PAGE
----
For holding things together. Barely. Bad as things are, they could be worse. Really.
By my count, the Fed is now providing about $1.25 trillion in liquidity support to the global financial system.
The Fed’s latest balance sheet data shows: $80b of repos; $150b of term auction credit, $410b in other loans, $30b in portfolio investment with “Maiden Lane” (the Bear Stearns vehicle), $320b in “other assets,” and $260b in securities lent to dealers.
Do the math. It is a huge number. Or look at my CFR colleague Paul Swartz’s updated chart. I wouldn’t believe these numbers could possibly be true if I hadn’t been watching the data for a while. Frankly the TARP is now starting to look small relative to the Fed’s balance sheet.
The $1.25 trillion total likely includes the swap lines that have allowed other central banks to provide dollar liquidity to their financial institutions.** (This sentence has been edited after my initial post: see the note below, it is important)
I have long thought that sovereign funds, which provided equity capital to support banks’ existing management in the early stages of this crisis, have gotten too much credit for helping to stabilize the financial system and the Fed and other central banks have gotten too little, in part because there isn’t as obvious a set of beneficiaries.
The latest data release should settle the question; absent enormous liquidity support from the Fed, a much broader set of financial institutions — including some that received equity investments from sovereign wealth funds — would have failed.
What are sovereign investors from the emerging world doing? We don’t know much about what sovereign wealth funds are doing — and in any case, the set of sovereign funds and big state firms from the emerging world is sufficiently diverse that it makes little sense to try to paint a single picture. But we do know a little bit about what the world’s central banks are doing from the New York Fed’s custodial data.
That data suggests an overwhelming flight away from any kind of risk. Or at least any kind of risk other than the currency risk that they have to take. Central banks are petrified of losing money. This is one reason why I have long thought that sovereign investors could be destablizing; they aren’t necessarily leveraged — but they are very loss-adverse.
From August 27 to October 1, the world’s central banks added $72.6b to their custodial holdings of Treasuries, and $0.9b to their custodial holdings of Agencies. Annualized, that works out to a $872b annual growth for Treasuries — a sum well in excess of the US current account deficit.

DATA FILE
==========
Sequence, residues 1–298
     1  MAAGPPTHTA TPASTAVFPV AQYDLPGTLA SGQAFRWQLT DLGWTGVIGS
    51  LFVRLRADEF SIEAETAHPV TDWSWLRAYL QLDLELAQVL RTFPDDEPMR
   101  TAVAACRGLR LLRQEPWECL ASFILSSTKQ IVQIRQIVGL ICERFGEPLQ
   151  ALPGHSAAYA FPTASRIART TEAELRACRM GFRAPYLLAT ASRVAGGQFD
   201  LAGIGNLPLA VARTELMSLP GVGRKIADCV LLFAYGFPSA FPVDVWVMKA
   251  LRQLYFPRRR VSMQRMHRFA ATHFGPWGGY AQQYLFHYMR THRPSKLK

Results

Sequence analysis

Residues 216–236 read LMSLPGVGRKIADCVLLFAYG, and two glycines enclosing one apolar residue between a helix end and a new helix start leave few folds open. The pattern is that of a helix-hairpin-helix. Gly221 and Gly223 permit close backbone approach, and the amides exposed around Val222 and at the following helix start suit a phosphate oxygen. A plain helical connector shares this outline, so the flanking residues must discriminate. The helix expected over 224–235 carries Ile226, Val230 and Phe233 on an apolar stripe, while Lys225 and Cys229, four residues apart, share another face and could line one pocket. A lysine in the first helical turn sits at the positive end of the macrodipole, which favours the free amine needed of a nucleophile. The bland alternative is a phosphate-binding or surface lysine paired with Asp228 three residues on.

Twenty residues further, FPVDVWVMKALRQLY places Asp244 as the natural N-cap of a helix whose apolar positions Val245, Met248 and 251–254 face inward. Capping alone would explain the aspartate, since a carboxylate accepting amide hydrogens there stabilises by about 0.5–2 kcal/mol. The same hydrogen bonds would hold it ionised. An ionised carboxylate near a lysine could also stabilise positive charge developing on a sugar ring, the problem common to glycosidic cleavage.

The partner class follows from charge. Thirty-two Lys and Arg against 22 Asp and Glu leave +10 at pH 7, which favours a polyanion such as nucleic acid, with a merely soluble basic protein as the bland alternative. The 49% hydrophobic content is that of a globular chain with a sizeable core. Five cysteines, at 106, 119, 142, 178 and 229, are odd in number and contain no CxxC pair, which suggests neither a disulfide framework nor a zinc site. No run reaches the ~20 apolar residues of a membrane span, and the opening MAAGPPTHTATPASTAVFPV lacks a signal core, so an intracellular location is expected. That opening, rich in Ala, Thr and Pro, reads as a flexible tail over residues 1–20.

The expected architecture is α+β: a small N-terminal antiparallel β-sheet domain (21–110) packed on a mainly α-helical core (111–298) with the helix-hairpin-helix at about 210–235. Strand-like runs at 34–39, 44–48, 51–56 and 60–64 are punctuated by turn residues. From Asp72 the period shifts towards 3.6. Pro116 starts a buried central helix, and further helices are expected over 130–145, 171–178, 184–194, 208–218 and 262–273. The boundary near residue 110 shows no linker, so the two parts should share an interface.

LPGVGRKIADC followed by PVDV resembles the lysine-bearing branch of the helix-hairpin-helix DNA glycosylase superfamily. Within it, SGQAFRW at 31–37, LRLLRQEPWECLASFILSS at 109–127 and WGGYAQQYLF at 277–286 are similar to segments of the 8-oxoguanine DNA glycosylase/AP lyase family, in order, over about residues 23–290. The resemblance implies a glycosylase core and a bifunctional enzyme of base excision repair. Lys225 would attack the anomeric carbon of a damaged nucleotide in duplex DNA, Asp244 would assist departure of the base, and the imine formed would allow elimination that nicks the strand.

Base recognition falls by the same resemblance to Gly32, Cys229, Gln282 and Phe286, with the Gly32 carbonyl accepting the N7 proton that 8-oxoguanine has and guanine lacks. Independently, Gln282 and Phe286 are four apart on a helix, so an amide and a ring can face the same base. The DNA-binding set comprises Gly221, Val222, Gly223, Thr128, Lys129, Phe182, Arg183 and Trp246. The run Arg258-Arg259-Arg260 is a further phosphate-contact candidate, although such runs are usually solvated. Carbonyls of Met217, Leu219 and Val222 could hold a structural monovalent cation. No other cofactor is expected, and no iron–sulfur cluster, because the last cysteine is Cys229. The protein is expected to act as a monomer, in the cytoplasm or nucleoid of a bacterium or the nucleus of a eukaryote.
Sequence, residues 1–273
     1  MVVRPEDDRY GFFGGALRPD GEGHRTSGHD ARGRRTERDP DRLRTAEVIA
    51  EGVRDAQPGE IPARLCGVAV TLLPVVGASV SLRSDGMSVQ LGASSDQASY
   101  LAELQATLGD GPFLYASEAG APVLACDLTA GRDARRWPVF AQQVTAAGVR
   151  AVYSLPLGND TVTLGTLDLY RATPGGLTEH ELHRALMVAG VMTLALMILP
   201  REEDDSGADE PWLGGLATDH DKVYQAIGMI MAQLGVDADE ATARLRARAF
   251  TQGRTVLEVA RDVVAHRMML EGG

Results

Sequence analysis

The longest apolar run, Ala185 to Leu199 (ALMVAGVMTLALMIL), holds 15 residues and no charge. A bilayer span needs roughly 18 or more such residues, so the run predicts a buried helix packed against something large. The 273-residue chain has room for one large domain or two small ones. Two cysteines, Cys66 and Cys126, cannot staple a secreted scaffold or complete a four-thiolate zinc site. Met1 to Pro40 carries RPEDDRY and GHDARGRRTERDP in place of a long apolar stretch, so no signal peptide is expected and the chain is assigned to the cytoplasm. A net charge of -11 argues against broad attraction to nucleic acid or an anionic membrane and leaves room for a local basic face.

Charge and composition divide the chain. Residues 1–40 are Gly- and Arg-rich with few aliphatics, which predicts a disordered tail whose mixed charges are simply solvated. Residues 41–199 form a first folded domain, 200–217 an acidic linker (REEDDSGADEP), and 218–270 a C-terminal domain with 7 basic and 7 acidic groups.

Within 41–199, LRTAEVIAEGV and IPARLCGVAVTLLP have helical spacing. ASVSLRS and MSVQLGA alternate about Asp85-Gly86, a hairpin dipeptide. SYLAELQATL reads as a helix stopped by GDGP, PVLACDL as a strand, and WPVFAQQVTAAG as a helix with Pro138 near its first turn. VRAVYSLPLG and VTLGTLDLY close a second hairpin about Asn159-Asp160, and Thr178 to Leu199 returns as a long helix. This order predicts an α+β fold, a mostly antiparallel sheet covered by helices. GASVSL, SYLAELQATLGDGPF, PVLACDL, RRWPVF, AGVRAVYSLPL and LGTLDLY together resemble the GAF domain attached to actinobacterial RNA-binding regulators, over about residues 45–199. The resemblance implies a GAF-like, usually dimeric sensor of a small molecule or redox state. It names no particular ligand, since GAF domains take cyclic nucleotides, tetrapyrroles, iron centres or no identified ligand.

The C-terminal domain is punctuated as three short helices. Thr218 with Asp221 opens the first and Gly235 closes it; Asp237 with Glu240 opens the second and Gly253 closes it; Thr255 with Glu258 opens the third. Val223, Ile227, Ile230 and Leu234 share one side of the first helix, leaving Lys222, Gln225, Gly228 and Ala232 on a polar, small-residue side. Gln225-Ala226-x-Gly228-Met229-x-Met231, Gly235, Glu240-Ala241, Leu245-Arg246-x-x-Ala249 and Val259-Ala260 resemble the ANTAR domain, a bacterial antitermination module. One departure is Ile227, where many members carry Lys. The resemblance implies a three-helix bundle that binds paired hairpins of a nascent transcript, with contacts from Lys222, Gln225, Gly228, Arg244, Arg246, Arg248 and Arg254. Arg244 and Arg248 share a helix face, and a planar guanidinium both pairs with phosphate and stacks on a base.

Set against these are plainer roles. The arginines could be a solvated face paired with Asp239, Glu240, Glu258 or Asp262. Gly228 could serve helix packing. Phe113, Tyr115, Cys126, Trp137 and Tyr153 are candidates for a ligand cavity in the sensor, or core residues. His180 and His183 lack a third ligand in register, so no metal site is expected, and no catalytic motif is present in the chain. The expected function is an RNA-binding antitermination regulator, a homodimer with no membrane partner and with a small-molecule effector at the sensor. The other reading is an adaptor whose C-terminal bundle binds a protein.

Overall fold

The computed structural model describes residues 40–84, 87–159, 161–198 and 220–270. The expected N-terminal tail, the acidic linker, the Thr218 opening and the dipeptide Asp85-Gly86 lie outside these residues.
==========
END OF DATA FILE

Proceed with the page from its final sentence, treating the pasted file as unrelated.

The enormous growth in central bank custodial holdings of Treasuries has helped to support the dollar — and that is stabilizing. The United States credit crisis has not turned into a currency crisis. But the flight out of risk has destablized other key markets, and that hasn’t been stabilizing. I suspect that central banks and sovereign funds are pulling out of money market funds, for example. The growth in the Fed’s custodial holdings in September almost certainly exceeded the growth in central banks’ reserves (we will have data on this next week) — a fact that suggests that central banks have sold other, slightly more risky assets and used the proceeds to buy Treasuries.
The basic story that emerges from the Fed’s balance sheet over the past few months is simple: the emerging world’s central banks have fled from any asset with a hint of credit risk, and while the Fed (and other G-10 central banks) have been lending ever large sums to the financial system. In the process they have taken on a lot more credit risk — and offset the broad flight away from risk by private investors and emerging market central banks alike.
Absent the Fed’s liquidity support, things would be worse. Much worse.
** I initially wrote that the $1.25 trillion in liquidity support to private financial institutions that shows up on the Fed’s balance sheet data likely did not capture the swap lines with foreign central banks, and thus understates the Fed’s true activity. The comments have led me to revise this view — as it seems that “other federal reserve assets” captures the fed’s foreign assets, including the collateral posted against swap lines that have been used, and thus $1.25 trillion likely represents the global total for dollar credit extended by all central banks to all financial institutions globally. JKH was the first to suggest this, and Murph’s comments lent support to JKH’s point. I hope to get full clarity on this on Friday; if anyone knows, please email me at bsetser at cfr dot org or just contribute to the comments. It is important.
UPDATE: I have confirmed that the foreign exchange posted as collateral in dollar swap line appears in “other federal reserve assets.”
UPDATE 2: I initially wrote “the credit crisis has turned into a currency crisis” (after describing how central bank dollar purchases had been stabilizing); I meant to write “the credit crisis has NOT turned into a currency crisis.” The post has been updated.